$$E{\mathrm{c}} = W \times D \times k$$

where Ec is the total energy consumed in the unit of kcal, W is the body weight in kg, D is the total walking distance (km), and k is an empirical constant of ~0.8214 for walking. During 1 h walking of ~6238 steps (with the step width of 0.6 m/step) for a 65 kg male adult, a total walking distance of 3.74 km and energy consumption of ~198 kcal/828 kJ is achieved (Supplementary Movie 2)69, equivalent to 0.03 calories per walking step. This information is important for body fitness and medical health management.

Fig. 6
figure 6

Human body motion recognition with the I2@CuTCA strain sensor. a Schematic of the home-made smart kneecap with integrated MOF sensor, a 20 kΩ resistor (R1) and a button cell. Photo image of the sensor and equivalent circuit of the strain detecting unit are also plotted. Uout stands for the voltage falling on the resistor R1. bd Strain-responding voltage output signals of the smart kneecap under leg swaying (b), walking (c), and bicycling (d) conditions, respectively


In conclusion, ultrasensitive, anti-jamming, and durable strain-sensing capability is endowed to MOF-based molecular devices for the first time, arising from the structure deformation-induced modulation of charge-carrier hopping process. The highest gauge factor of 11,120 as reported so far and the middle-range responsiveness of the I2@ CuTCA strain sensor may not only be used for remote health-monitoring purpose, but also help in infrastructure failure diagnosis and prevention of buildings, bridges, etc., in normal working scenario, as well as under natural disaster (e.g., hurricanes and earthquakes) conditions.


Sample preparation

Au/PET substrates were prepared by sputtering a 5 nm buffer layer of titanium and subsequently a 200 nm layer of gold onto the pre-polished PET substrates at room temperature, in an E-beam evaporation chamber at a base pressure of ~10–5 Pa. Then the as-prepared Au/PET substrates were placed in piranha solution (H2SO4:H2O2 = 4:1) for 30 s and rinsed with excess amount of deionized water to achieve Au-OH functionalization. Afterwards, the functionalized conductive substrates were sealed into a home-designed reactor for the solvothermal growth of CuTCA nanofilm through a modified LPE approach according to our previous work44. The substrates were soaked in a 50 × 10−3 M ethanol solution of Cu(CH3COO)2 for 10 min. After removing the Cu salt solution, the substrate was rinsed with excess ethanol for 5 min, to remove the unreacted Cu2+ ions, and blow-dried in the reactor with a nitrogen stream. Subsequently, 40 × 10−3 M ethanol solution of H3TCA was injected into the reactor and reacted with the Cu2+ anchored substrate for another 10 min. After washing the sample again with ethanol adequately, the above procedure has been repeated for 50 times to grow 50 layers of Cu3(TCA)2 on the substrates. The entire preparation process was performed automatically without being exposed to the ambient atmosphere, avoiding potential contamination of the samples from the air. After MOF deposition, the samples were heated under reduced pressure at 100 °C for 30 min, to remove solvent ethanol molecules completely. Finally, 80 nm-thick top Au electrodes with a diameter of 100 μm were deposited onto the sample by sputtering Au target in pure argon atmosphere with a metal shadow mask. In order to obtain the iodine-doped MOF samples, the 1 cm × 1 cm × 100 nm CuTCA nanofilm deposited on Au/PET substrates was soaked in a 2 mL I2/ethanol solution with the iodine concentration of 100 μM for 48 h, immediately after heating it under reduced pressure. The CuTCA nanofilms were also soaked in I2/ethanol solutions with different concentrations of 5 μM, 10 μM, and 1 mM to obtained samples with various I2 doping levels. Afterwards, the samples were heated at 80 °C for 1~2 h, to remove the residue solvent and free iodine molecules that do not form stable interaction with the H3TCA ligand.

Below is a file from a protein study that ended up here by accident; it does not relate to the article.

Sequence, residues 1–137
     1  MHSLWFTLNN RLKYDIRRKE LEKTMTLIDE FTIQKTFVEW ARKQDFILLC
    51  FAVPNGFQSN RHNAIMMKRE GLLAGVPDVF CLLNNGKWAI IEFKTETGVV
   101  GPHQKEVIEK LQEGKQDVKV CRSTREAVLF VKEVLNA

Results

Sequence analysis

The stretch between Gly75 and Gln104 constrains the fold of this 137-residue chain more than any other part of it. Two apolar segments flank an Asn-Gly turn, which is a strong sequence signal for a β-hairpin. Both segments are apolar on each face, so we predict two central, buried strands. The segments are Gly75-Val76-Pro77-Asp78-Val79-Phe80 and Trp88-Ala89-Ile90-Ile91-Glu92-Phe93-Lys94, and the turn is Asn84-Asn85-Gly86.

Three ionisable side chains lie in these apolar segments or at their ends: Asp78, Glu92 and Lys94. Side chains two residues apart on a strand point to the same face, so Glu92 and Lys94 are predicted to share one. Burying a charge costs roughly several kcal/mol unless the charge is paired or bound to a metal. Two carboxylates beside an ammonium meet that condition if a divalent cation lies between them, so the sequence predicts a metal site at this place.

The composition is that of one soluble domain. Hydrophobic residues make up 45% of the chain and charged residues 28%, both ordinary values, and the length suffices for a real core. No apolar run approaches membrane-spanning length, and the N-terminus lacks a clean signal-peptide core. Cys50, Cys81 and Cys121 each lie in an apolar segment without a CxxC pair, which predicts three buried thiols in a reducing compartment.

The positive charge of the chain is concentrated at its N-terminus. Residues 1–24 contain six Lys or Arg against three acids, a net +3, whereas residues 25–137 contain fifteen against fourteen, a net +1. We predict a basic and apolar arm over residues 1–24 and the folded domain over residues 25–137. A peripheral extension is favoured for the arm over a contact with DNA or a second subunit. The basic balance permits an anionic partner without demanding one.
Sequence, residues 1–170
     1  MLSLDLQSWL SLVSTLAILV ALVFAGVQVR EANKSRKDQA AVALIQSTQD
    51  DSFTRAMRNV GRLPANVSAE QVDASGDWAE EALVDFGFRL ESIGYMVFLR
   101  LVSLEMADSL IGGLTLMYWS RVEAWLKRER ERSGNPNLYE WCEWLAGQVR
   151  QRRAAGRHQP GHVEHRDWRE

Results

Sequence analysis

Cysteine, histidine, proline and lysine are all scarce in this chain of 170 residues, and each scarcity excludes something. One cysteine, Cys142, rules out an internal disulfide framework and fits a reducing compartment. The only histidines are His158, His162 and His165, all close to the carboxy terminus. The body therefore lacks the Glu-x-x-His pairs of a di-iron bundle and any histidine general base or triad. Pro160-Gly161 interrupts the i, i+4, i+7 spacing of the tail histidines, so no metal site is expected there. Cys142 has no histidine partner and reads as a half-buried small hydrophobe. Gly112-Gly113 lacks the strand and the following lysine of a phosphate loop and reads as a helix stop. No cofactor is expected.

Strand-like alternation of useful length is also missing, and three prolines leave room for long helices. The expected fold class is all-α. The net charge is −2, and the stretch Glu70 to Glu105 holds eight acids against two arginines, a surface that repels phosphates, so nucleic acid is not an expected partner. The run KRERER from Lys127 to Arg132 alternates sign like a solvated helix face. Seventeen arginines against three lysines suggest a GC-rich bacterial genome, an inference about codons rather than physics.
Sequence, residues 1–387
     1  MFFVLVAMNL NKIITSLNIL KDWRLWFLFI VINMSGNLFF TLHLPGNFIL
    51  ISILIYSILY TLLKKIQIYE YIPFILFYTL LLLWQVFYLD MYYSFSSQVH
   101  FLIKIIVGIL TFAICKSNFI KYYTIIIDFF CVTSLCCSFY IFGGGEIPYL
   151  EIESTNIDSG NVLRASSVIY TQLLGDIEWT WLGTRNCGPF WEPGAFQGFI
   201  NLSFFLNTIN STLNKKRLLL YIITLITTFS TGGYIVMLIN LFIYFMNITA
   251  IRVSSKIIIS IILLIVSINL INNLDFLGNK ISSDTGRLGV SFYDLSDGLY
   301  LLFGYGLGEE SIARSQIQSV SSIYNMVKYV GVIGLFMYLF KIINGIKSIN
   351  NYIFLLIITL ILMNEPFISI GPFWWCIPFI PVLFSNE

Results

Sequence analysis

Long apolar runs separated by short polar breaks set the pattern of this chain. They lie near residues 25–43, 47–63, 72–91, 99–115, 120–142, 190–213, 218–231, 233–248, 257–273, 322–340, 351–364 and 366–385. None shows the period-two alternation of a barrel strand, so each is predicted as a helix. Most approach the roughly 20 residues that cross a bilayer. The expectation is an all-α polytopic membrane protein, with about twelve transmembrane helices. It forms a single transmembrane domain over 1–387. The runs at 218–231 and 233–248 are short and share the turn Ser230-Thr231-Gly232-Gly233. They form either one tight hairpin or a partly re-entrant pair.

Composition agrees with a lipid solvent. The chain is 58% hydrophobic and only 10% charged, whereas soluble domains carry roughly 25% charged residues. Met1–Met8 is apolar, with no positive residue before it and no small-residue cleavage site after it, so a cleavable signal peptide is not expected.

The crystalline structure of the as-grown CuTCA nanofilms was investigated by glazing-incidence XRD technique (GIXRD, Bruker AXS, D8 Discover) using Cu-K α radiation. The incidence angle of the X-ray beam was fixed at 1° and the diffractive patterns were recorded with a step of 0.05° in the range of 5° to 90°. Background noises are screened from the raw diffractive data sets with the official Bruker/EVA 4.0 software. The thickness of the films was determined using field-emission scanning electron microscopy (Hitachi, S-4800) with 15 kV accelerating voltage. Raman spectra were obtained with a Renishaw inVia Raman microscope. Core-level XPS of the MOF layers were monitored using a SHIMADZU Axis Ultra Dld system. A monochromatic Al-K α X-ray source (1486.6 eV photons) was used at a constant dwell time of 100 ms. A pass energy of 80 or 40 eV was employed for the wide and core-level spectra scans, respectively. The X-ray source was run at a reduced power of 150 W (15 kV and 10 mA). The pressure in the analysis chamber was maintained at 10−8 Torr or lower during each measurement. The core-level signals were recorded at a photoelectron take-off angle (with respect to the sample surface) of 90°. All BEs were referenced to the C 1 s hydrocarbon peak at 284.6 eV. In curve fitting, the full width at half-maximum for the Gaussian peaks was maintained constant for all components in a particular spectrum. Surface elemental stoichiometries were determined from the XPS spectral area ratios and were reliable within ± 5%. The elemental sensitivity factors were calibrated using stable binary compounds of well- established stoichiometries. Background correction and peak fit features were performed to the data using CASA XPS software. Topography of the samples was recorded on a Leica DM2500 M optical microscope and a Bruker Dimension 3100 V (Veeco) scanning probe microscope, which is equipped with a Pt/Ir-coated conducting cantilever for C-AFM measurements. The IV characteristics of the Au/CuTCA/Au and Au/I2@CuTCA/Au structures were measured on a Lakeshore probe station equipped with a precision semiconductor parameter analyzer (Keithley 4200) in dc sweeping mode. Bending of the devices to different levels was done with a home-made apparatus quantitatively, which is equipped with a pair of displacement sensors and computer program to automatically measure the distance between the two ends of the sample.